knowthyselfon July 05, 2004   Link
  • +1
    General Comment
    I think you guys might be taking the song a little bit too seriously. Forgive me for sounding insensitive, but I interpret songs like this, as well as they're latest "The Mariner's Revenge Song" as an emulation and depiction of music and subject matter of 18th century-esque pirate and 'sea-dog' music. I just got a light hearted 'story teller' vibe from these songs, and I can't help but giggle at this song when he says "Remember what she does when you're asleep".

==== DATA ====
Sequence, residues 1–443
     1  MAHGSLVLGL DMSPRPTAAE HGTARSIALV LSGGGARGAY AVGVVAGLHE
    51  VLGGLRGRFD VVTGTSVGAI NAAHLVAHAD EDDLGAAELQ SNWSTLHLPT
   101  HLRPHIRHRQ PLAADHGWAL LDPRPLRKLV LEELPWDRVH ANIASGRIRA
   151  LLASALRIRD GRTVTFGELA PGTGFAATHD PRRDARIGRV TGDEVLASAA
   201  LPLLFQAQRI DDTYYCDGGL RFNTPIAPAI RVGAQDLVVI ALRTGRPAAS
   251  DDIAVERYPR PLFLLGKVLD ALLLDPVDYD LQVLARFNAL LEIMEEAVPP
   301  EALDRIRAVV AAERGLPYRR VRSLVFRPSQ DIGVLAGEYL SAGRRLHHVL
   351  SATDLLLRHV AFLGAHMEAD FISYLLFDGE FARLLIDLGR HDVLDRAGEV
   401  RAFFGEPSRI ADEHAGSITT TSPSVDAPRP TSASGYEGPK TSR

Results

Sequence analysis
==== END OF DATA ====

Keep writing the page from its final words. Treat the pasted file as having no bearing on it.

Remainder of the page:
MorrisStephensonon March 30, 2005   Link
  • +1
    General Comment
    Right, MorrisStephenson, but the whole point I think is to draw attention to the bizarre contrast between what sounds like a light-hearted song with its pretty nauseating subject matter. You laugh at the end because that's where the point is made most cuttingly. I'm talking about people laughing at the graphic rape scenes, which only makes sense if you are an actual pirate.
    tps12on April 13, 2005   Link
  • +1
    General Comment
    I don't think rape is the subject, especially given the point at the end that she is making money for a reason, namely to feed herself and her family, and the elements that make one think of rape, are just bluntly descriptive elements to what she has to do to make that money.
    b.chroneoson January 22, 2006   Link
  • +1
    General Comment